Anne: He never had any children of his own, Gilbert--I am positive he hadn't or he would never have written such rubbish. You just can't help talking baby talk to a baby. It comes natural--and it's RIGHT. It would be inhuman to talk to those tiny, soft, velvety little creatures as we do to great big boys and girls. Babies want love and cuddling and all the sweet baby talk they can get, and Little Jem is going to have it, bless his dear itty heartums.
- Their youngest daughter, Rilla, had a lisp as a child. In her book, "Rilla of Ingleside", she relates how hard she worked to get rid of it, and how embarassed she is that it still comes out when she is nervous. When her childhood friend Kenneth Ford proposes to her at the end of the book, she answers with "Yesth".
- Dorothy Parker, who wrote a book review column called "The Constant Reader" truly loathed A. A. Milne's work. In her review savaging The House at Pooh Corner she used baby talk:
It was at the word "hummy", my darlings, that marked the first point in The House At Pooh Corner where Tonstant Weader fwowed up.
- The "jellicle cats" in Old Possum's Book of Practical Cats, later adapted into Cats, were named for T. S. Eliot's niece attempting to say "dear little cat."
Garfield: Excuse me while nicey-wicey puddy tat takes a barfy-warfy in the grassy-wassy.
- In a previous one, John is the culprit...
John: Would puddy tat wike a bowl of milk?
Garfield: Would funny-wooking man wike a milk bath? (He asks this while providing it)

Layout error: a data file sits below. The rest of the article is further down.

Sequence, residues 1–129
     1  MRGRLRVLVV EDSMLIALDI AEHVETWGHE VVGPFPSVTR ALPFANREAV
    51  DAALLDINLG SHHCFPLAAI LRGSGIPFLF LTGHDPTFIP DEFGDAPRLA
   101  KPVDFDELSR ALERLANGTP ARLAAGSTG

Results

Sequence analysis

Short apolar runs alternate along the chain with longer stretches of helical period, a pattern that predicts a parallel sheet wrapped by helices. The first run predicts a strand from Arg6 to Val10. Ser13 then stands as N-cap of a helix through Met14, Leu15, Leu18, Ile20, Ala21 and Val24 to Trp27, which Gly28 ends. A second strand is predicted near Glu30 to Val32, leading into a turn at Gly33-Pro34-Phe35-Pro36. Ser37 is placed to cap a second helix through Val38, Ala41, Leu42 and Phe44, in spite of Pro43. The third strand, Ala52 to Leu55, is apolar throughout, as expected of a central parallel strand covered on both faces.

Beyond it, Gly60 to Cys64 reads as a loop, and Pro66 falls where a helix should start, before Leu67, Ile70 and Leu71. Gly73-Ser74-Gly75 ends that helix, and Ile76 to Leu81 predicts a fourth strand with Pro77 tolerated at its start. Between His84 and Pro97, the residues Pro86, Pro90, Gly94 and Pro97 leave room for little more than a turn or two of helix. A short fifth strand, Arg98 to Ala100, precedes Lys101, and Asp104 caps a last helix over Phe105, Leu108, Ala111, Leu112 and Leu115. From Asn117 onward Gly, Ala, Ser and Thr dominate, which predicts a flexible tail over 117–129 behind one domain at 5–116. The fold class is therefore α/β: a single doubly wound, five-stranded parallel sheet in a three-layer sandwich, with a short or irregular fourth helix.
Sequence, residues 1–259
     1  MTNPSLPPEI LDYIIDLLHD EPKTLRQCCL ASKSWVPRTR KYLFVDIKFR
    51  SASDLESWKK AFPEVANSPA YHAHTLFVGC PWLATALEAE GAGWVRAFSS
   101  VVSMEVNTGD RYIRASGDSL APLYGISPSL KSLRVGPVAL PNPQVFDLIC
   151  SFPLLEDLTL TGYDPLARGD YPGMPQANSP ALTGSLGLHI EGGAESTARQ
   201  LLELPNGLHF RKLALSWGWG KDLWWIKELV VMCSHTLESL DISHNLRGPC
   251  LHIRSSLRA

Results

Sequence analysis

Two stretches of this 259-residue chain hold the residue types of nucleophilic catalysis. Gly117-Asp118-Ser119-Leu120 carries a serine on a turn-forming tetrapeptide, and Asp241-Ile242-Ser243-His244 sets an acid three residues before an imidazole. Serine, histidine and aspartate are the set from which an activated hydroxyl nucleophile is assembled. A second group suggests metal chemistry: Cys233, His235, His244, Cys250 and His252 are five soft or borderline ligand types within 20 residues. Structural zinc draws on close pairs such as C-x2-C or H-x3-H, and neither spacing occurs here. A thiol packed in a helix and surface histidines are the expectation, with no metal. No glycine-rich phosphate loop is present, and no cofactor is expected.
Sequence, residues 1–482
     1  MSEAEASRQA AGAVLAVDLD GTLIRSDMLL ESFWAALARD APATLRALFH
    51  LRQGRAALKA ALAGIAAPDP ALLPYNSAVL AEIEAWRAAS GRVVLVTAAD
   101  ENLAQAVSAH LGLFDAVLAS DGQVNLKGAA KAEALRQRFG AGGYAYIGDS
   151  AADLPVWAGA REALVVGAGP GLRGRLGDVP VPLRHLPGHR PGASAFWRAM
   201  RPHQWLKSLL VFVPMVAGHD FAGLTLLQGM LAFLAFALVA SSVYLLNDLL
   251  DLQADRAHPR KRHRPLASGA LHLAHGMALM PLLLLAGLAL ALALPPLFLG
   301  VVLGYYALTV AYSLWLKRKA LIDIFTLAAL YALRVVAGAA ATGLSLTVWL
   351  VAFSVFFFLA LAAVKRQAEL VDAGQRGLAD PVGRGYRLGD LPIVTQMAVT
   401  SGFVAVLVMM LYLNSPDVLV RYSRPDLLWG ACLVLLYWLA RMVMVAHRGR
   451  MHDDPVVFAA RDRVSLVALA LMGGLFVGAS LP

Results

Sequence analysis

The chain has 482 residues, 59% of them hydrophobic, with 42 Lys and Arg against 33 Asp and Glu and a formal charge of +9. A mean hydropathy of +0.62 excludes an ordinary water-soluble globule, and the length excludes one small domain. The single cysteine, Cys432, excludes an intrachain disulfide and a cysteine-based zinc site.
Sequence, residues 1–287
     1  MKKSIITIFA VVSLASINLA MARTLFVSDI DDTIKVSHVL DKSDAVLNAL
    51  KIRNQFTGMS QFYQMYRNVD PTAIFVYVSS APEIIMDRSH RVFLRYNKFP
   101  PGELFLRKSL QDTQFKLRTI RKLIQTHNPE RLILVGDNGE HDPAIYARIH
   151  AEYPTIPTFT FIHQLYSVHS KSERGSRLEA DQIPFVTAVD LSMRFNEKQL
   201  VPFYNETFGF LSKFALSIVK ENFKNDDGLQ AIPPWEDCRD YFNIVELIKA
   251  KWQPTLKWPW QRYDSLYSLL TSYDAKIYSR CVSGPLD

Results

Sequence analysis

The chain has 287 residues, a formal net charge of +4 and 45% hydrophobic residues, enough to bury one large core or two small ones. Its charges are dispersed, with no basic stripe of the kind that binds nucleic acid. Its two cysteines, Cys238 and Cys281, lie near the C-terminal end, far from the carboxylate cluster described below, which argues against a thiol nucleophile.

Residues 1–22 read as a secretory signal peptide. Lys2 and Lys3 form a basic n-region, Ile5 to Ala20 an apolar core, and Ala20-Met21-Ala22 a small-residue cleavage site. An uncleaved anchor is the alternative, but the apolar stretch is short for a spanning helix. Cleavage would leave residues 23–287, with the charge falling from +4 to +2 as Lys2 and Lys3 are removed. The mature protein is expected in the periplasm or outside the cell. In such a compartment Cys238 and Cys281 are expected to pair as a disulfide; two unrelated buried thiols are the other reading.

Garfield: (to audience) Never be condescending to a cat.
Recorded And Stand Up Comedy
WedRed Skelton's character of Junior, "the mean widdle kid"...who actually dates back to Skelton's wadioradio show.
- Josh Blue has a variation on this. People talk to him like he's mentally challenged when he's just got cerebral palsy.
I get people saying stuff like, "Hiiiiiii...Buuuuuddyyyyyyy...How...are...youuu?" You know what I say to these people? "IIIIIIIIII...need to get LAAAAID!" And that seems to throw them for a loop.
- Luanne Lui from Backyard Sports. But that's because she's 4 years old.
- In Marco's storyline in Battle Fantasia, all of his "r"s are written as "w"s ("that's not faiw" instead of "that's not fair").
- Bob and George Poor widdle Georgie... got even.
- In Dead Winter, the Flight portion of Liz's fight-or-flight response is represented by a little girl who speaks this way.
- Dissonance: Sarah talks this way to keep Pandora from panicking while James takes a blood sample.
- Tweety from Looney Tunes talks like this because he is supposed to be a baby bird.
- Rugrats. Dil took it even further than the rest of the main characters, being the youngest.
- Subverted in one episode of The Simpsons where Marge lets Manjula hold Maggie.
Manjula: (Babbles to Maggie, who giggles)
Marge: Maggie loves baby talk!
Manjula: That was Hindi.
- Futurama: "It's pwonounced cweam."
- Baby Ponies in G1 of My Little Pony didn't state some words when they talked, and didn't have correct grammar, so we had sentences like "Me try", "Get checkers", and "Maybe play now".
- In My Little Pony Friendship Is Magic Applejack begins comforting the apple tree she's delivering in baby talk after Rarity accuses her of treating the tree like her baby.
- Humourously, Rarity sometimes speaks to her cat like this.
- In the most recent episode, Spike is taken to a doctor who speaks to him in Baby Talk. Fitting since he's a baby dragon, but he doesn't find it amusing and promptly breathes fire at the doc.
- Spike's friends sometimes call him, "Widdew Spikey-Wikey," though. And he doesn't seem to mind at all.
- Pinkie resorts to doing this with Mr. & Mrs. Cake's twin foals. However, considering that said foals are only a month old, it's justified.
- Cheerilee and Big Macintosh speak to each other in this manner in the Hearts and Hooves Day episode as a result of the "love potion" the Cutie Mark Crusaders had given them. They continue to speak this way at the end of the episode (after the love potion had worn off) to torment the CMC as part of their punishment.